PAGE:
Dr Dennis Pilon, Associate Professor of Political Science from York University is making a stop in Penticton to host a facts-based discussion on what a new voting system means for British Columbians. Submitted photo

South Okanagan voters get the scoop on electoral reform

Proportional representation learning session to be held in Penticton

A facts-based discussion, held in Penticton, about what a new voting system means for British Columbians is open to South Okanagan residents to learn more about proportional representation.

On July 3, Dr. Dennis Pilon, associate professor of political science from York University will host the discussion on what a new voting system means.

The opportunity comes just as the official campaign period for the B.C.’s fall referendum on electoral reform kicks into action.

Related: Penticton rally for proportional representation

This fall, voters will receive mail-in ballots on whether to keep the traditional winner-take-all voting system or shift to a form of proportional representation. Voting packages will appear in mailboxes starting Oct. 22, to be returned by Nov. 30, 2018.

“There are many arguments for and against reform, but not all arguments are equally supported by evidence,” said Pilon in a news release.

Related: Electoral reform vote includes $500,000 each for pro and con groups

Since Attorney General, David Eby announced the referendum questions on May 30, both sides of the debate have been gearing up their campaigns. Last week saw the group, Fair Referendum, kick off their campaign by purchasing advertising in newspapers across the province. The ‘no’ side claim the referendum is too confusing for voters to understand.

Anton Boegman, chief electoral officer of B.C. and head of the independent and non-partisan office of Elections B.C. who will administer the referendum has said, “I believe that this question is simple and straight forward enough to understand.”

Related: Four options to be offered for B.C. voting referendum

Local Fair Vote chapter member, Tina Lee questioned the ‘no’ side’s motivations.

“The opposition is spending a lot of money to try to discredit the referendum process. Politics should not be about who can spend millions on a campaign to win — this is one of the many reasons we need a new system where voters have more control than lobbyists.”

The official campaign period beginning July 1 will see a ban on contributions from unions and corporations.

According to Pilon, as well as stable governments, nations with proportional representation also have better policy outcomes in economic and social justice areas, the environment and maintain stable democracies with better long-term thinking.

Those with questions about proportional representation and seeking more information can hear the arguments and facts at the July 3 discussion in Penticton at the Shatford Centre (760 Main St.) at 7 p.m. Admission is by donation.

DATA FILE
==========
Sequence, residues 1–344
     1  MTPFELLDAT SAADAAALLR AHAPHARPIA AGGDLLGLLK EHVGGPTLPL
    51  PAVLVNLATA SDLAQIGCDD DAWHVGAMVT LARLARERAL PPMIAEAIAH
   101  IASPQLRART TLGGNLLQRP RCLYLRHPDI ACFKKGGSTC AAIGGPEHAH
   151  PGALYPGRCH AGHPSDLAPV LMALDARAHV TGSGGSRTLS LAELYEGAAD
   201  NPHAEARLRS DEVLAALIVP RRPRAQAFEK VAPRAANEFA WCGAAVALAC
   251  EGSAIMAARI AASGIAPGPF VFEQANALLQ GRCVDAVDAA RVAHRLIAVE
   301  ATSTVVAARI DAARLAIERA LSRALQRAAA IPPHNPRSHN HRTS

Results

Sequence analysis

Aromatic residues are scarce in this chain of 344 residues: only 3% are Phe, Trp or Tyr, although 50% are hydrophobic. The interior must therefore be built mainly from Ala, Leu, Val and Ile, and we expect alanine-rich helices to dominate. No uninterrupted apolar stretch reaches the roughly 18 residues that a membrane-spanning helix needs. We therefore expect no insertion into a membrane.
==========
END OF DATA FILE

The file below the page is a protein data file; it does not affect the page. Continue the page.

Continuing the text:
Kristi Patton | Editor

KristiPatton

Send Kristi Patton an email.
Like the Western News on Facebook.
Follow us on Twitter.

Just Posted

Appreciation dinner for Keremeos firefighters in the works

Dinner and fundraiser for the Keremeos Volunteer Fire Department to be held Nov. 17 at Victory Hall

Luxury Airbnb in Kaleden has notice issued on title by RDOS

The property owner is accused of performing renovations, renting the chalet without proper permits

Drunk driver gets hammered by judge

Hedley man under virtual house arrest for three months

The Similkameen Sizzle draws crowds

Annual festival was a hot, hot, hot time

Tim Roberts, Area G candidate

Roberts has lived in the Similkameen Valley for 38 years

Environment Canada confirms Ottawa area hit by two tornadoes Friday

At one point more than 200,000 hydro customers were blacked out

Whitecaps see playoff dreams fade after 2-1 loss to FC Dallas

Goal in 87th minute seals Vancouver’s fate

B.C. students send books to displaced students of Hornby Island school fire

Maple Ridge elementary school teacher says students learned about acts of kindness

Trans Canada now open west of Chase, ‘heavy delays’

Few details available about crash that closed Trans Canada Highway west of Chase Sunday, Sept. 23

Oliver to get new sheriff from graduating class

Oliver will be one of a number of B.C. communities to get a member of the recent graduating class

Trump drains oxygen from Trudeau foreign policy with PM, Freeland bound for UN

A lot has changed since the Liberals came to power in Canada in 2015

B.C. man fined $15,000, barred from trading securities for fraud

Larry Keith Davis used money from an investor to pay personal bills

Emergency crews investigate small sulphuric acid spill in Kootenays

IRM states a small volume of less than one cup and three dime-sized drips were leaked from carrier

Most Read